UPDATE: Groupon’s complaints have increased dramatically over 2012. Numerous websites have published articles on this:
Groupon’s page on HelloPeter
VentureBurn / MemeBurn:
Court action in the UK:
Groupon in court in SA:
Groupon apologises on ITWeb:
A parody reply from UbuntuDeal ran as well:
When online websites have customers, especially paying consumers, a division or department to handle any complaints is essential. Since group buying involves numerous purchases daily on every deal, it is very important to make sure that customer service works just as well as the daily deal website does.
Complaints in the group buying industry in South Africa are currently rife (August 2011) and continue (July 2012) SEE UPDATE LINKS ABOVE, mainly due to the most visited site: Groupon. One would imagine this is purely due to their sheer amount of buyers, but the other websites have very few public complaints. A quick look at the group buying complaints on HelloPeter and Twitter reveal the situation. (Please note that this is still only a survey.)
Since complaints are generally difficult to voice online, and HelloPeter is the main source or such actions, the statistics shown (dated October 2011) are taken as a strongly correct representation of the customer service of Groupon. What is more, many blog posts online carry comments from actual companies who have done deals with Groupon.
It must be added, however, that if a business makes a mistake, can one really hold the group buying company liable for that error? Some people say yes, that the restaurant, for example, should be vetted before running a deal for them. But even good businesses sometimes give bad service, and it is difficult to see how this is the group buying site’s fault. So some of these complaints above may not actually be for Groupon.
Further complaints on Twitter from numerous unhappy customers give more evidence to Groupon’s poor service (see left).
Twitter is often used to complain, since companies have accounts that are publicly viewed and followed and a complaint will not go unnoticed. The person in charge of that account on behalf of the company (often not employed by the company itself), will quickly be able to respond to the complaint. This works wonders and also (not always) keeps people’s complaints tempered, since they are in the public domain.
With South Africa’s now large and growing presence on Twitter, have a look at any group buying website’s account and do a search on their profile name. This will bring up all kinds of information and help you to assess their ability to handle complaints, and educate you in terms of whether to use their services or subscribe to them.
Groupon’s complaint streak continued when a Mr JB Botha took Groupon (then MyCityDeal) to court and won in 2011. The complaint revolved around Groupon’s false “refer a friend” advertisement on its website. Similar court cases have been reported online in other countries, including a UK ASA Adjudication on MyCityDeal Ltd.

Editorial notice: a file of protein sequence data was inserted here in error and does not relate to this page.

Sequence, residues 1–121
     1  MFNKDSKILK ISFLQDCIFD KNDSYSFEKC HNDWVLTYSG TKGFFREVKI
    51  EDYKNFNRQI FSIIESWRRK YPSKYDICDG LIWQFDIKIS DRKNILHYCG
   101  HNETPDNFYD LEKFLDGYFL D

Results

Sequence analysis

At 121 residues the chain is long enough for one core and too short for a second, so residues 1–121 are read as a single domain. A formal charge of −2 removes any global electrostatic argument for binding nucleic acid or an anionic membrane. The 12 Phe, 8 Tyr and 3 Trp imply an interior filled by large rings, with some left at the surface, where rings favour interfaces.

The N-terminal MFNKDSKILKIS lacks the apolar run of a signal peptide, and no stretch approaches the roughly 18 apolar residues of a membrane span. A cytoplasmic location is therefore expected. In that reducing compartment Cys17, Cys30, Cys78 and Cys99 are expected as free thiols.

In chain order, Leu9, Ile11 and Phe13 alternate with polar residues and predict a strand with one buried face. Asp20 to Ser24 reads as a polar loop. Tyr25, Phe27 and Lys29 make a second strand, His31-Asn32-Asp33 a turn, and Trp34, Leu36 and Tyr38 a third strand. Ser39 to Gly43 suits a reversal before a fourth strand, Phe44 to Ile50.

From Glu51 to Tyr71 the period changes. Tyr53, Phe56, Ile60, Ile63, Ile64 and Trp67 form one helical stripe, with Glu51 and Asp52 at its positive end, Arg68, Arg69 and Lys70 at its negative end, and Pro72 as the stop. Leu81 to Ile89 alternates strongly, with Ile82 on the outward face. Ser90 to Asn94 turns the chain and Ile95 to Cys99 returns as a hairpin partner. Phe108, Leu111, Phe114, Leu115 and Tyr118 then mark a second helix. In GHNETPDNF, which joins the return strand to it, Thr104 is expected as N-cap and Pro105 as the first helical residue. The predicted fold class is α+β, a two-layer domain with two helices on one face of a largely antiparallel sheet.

Groupon has also fallen prey to many complaints regarding their “valuation” of deals. Often a deal is placed on their site at 50% off, for example a reduction from R3,000 to R1,500 (see image), whereas the value of the deal is actually only R2,000. In doing so, Groupon tricks customers into buying something which is seemingly a bargain. In the image to the right, a customer complains that the deal was a trick and that he in fact called the merchant to discover a lower price for a teeth whitening deal. This complaint received no reply.
Other websites to feature with complaints online are Eishcoupon, Wicount (also a few on HelloPeter, mostly handled), Dealify and Dealio (although Dealio has many compliments as well). Group buying websites listed on spam lists are mentioned on the group buying spam page.
In October 2011, Dealio closed down, leaving a slew of unhappy and unrefunded consumer and business clients in its wake.
Although Groupon is mostly mentioned in complaints, they are not alone. In general, subscribers to group buying websites have been inundated with emails, since they usually sign up to many daily deal sites and therefore would get at least one email a day from each. Some of the group buying companies in South Africa are on spam lists already, but even those who legitimately send emails are irritating users when they send too many mails out.
The industry of daily deals in South Africa needs to work harder at its levels of service. Many websites do not have a hotline number (example: CityMob) and do not answer feedback fast enough. The complaints that are listed above and online need to be searched for and addressed by each daily deal site in question. Generally, a good online business will have alerts set up and find out about complaints very speedily. Finally, as a rule to people wanting to use social buying as customers or as a business, it is important to do a search for the word complaint followed by the name of the site in question.
All in all, the group buying industry is a young one, and complaints will always occur in any online business. It is how they are kept to a minimum, and the way in which they are handled, which is important.
If you have had a bad experience, please comment below on what happened and help us improve the group buying industry in South Africa.